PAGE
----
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As a pentester, I have a good day when my workflow is smooth and uninterrupted. Pushing routine tasks to the background (sweet automation!) helps me stay focused. It frees up my mind to work on interesting findings and attack sequences that not everyone can see. Plus, it feels good to be productive and get stuff done!
After running hundreds of pentests and learning from each of them, I created a fine-tuned web application pentesting flow that works every time. It integrates principles and tactics from industry staples such as the OWASP Web Security Testing Guide, the Penetration Testing Execution Standard, and the Open Source Security Testing Methodology Manual.
This step-by-step guide covers the essentials of how to use our tools and features to streamline and speed up your workflow when assessing websites.
We start by mapping the attack surface and continue by running specific tools to perform in-depth scans and find known vulnerabilities that affect web applications. I’ll show you how your findings get automatically stacked in the vulnerability management section of your Pentest-Tools.com dashboard, where you can filter them, validate them, adjust their risk level, or ignore what you don’t want to include in the final report.
Plus, I’ve included tons of time-saving tips you can use to shave hours from every pentest engagement.
Let’s dive into the details!
1. Find Subdomains [optional] to map your attack surface
Useful tip: What’s interesting about subdomains is they point to various, less-known applications and indicate different external network ranges. What’s more, subdomains sometimes host non-public applications (e.g. test, development, restricted) which are usually less secure than the public/official applications and often serve as primary attack targets.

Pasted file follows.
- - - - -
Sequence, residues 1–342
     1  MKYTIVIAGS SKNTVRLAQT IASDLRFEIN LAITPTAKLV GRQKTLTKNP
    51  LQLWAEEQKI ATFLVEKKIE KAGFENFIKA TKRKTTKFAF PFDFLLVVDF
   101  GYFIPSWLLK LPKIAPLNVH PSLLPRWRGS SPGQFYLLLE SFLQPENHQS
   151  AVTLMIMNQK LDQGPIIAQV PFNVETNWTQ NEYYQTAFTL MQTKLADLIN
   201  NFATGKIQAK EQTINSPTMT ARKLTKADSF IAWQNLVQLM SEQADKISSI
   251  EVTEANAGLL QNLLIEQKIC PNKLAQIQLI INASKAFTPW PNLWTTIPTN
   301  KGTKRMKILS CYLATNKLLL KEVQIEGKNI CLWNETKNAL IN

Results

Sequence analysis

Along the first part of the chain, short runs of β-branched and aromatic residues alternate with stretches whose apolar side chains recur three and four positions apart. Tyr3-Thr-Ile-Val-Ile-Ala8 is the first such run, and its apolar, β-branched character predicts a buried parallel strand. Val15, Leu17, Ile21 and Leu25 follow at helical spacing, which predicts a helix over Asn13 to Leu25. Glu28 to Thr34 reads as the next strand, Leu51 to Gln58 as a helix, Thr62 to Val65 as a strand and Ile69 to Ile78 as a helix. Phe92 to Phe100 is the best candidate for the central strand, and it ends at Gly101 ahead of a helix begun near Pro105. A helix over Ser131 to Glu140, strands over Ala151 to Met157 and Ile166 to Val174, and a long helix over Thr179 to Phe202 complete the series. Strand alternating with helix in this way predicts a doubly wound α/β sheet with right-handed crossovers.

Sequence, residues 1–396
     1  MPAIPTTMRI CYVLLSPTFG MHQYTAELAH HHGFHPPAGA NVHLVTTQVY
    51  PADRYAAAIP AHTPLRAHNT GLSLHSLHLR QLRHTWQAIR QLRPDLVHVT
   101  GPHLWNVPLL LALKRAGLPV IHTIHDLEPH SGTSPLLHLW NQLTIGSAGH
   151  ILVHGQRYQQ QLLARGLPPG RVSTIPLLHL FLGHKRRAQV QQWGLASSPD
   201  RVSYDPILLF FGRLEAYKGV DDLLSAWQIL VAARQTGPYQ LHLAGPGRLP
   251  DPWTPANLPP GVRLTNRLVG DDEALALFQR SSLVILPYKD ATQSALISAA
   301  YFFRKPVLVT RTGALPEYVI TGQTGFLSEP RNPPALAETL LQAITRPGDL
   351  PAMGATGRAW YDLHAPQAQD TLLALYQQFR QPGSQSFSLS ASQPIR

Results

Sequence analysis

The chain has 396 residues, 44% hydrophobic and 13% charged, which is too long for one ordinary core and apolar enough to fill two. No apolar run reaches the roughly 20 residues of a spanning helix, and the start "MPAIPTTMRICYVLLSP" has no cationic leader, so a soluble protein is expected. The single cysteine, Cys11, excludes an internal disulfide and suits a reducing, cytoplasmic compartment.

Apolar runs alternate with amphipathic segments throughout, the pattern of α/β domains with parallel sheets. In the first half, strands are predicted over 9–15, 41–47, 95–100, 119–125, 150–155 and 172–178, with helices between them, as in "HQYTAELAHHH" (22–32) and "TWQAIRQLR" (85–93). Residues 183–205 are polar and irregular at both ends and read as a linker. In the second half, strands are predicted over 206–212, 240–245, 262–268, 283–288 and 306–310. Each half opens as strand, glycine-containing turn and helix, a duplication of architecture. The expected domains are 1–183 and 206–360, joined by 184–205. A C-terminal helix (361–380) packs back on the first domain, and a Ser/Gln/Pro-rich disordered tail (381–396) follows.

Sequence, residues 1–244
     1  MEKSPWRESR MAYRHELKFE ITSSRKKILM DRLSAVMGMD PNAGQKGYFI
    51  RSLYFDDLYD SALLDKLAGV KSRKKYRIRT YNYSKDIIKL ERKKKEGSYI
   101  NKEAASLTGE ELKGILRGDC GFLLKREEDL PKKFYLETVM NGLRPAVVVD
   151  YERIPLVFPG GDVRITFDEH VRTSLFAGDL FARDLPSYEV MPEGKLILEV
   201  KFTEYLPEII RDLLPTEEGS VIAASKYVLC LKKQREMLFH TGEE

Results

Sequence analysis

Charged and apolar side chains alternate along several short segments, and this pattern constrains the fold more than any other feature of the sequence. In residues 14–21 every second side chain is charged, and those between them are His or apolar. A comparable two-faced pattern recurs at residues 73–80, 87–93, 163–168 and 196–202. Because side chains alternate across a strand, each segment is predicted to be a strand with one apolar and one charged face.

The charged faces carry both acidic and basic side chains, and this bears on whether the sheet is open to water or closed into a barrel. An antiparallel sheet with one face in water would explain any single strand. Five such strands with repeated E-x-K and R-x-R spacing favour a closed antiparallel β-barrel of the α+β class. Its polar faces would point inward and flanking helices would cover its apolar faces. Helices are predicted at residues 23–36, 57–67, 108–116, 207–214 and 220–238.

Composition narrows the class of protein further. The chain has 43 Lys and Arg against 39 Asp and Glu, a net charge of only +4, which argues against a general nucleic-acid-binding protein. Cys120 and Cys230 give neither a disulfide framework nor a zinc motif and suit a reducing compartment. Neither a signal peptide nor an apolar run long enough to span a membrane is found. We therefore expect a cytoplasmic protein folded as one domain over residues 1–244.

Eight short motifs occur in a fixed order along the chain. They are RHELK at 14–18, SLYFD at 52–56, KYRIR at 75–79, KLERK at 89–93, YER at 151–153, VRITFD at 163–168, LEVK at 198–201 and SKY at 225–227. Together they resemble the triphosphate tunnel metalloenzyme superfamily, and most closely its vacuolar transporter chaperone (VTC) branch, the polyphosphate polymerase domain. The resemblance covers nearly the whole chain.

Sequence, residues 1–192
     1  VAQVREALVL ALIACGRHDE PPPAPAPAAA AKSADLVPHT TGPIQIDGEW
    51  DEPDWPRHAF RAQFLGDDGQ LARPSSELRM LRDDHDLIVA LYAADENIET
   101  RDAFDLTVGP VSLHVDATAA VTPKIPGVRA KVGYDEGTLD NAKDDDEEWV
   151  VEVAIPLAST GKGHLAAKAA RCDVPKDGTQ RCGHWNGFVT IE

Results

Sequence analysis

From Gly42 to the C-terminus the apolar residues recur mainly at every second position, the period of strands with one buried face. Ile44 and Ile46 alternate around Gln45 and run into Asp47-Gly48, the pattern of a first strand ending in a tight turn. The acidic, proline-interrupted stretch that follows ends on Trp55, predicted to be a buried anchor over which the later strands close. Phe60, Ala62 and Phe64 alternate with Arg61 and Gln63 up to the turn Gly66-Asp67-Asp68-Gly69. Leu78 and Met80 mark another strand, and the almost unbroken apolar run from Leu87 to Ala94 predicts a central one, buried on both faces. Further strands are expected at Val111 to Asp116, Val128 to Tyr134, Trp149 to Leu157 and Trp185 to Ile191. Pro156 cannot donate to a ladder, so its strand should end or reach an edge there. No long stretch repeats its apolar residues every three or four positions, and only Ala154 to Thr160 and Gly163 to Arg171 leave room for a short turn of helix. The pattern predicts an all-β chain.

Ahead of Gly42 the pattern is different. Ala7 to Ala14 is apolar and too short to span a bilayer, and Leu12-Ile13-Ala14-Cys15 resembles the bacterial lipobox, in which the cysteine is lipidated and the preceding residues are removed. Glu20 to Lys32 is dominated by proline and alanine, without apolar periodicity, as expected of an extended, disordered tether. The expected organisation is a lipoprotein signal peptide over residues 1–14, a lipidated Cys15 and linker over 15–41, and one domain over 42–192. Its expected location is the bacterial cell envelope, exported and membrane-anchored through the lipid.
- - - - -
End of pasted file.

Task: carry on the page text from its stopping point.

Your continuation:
As a discovery tool, Find Subdomains generates a list of… subdomains, but it doesn’t guarantee to discover all of them. Only if you have access to the DNS server of that domain and look at the zone file can you see ALL the subdomains.
2. Find Virtual Hosts [also optional]
For each web application, you can also run the virtual hosts tool. Here’s why.
Finding all the virtual hosts that run on a web server (based on its IP address) is important because each website can include vulnerabilities that impact the same server.
If the attacker compromises one of the websites, there’s a high chance they can gain unauthorized access to others that run on the same server. That’s why testing all the vhosts is an essential step to run a penetration test with extensive coverage.
3. Run the TCP Port scanner
Knowing which network services are exposed to the Internet is essential for securing the web application. Run the TCP Port scanner for each hostname and check if there are any open ports that shouldn’t be publicly accessible.
For example, an SSH service that is not filtered based on a predefined list of whitelisted IPs.
After it finds a list of ports, the tool does an in-depth check to determine the exact type of service running on that port, including its version. This is necessary because common services can run on non-standard ports (e.g. a web server running on port 32566).
Discover more issues with the UDP Port Scanner
Even though UDP services are less popular than TCP ones, a vulnerable UDP service exposes the target system to the same risk as a vulnerable TCP service. That’s why running a UDP Port Scan to discover all open UDP ports is important in a penetration test so you can achieve full coverage during your security evaluation.
The results are either open or closed. To make sure a specific port marked as
open|filtered is really open, you must enable the detection of the service version.
Because this process sometimes takes a while, you should do it in a subsequent scan and only for the ports reported as
open|filtered in the first, simple scan.
Useful tip: 🤖 You can automate these steps using a pre-built Domain Recon Robot, which starts by discovering the subdomains of a target domain. It continues with a full TCP port scan against all identified subdomains and then runs Website Recon against all HTTP/S ports to fingerprint web technologies and take screenshots.
4. Use the Website Scanner
The Website Scanner finds common vulnerabilities that affect web applications, such as SQL Injection, XSS, OS Command Injection, Directory Traversal, and others. The scanner also identifies specific web server configuration issues.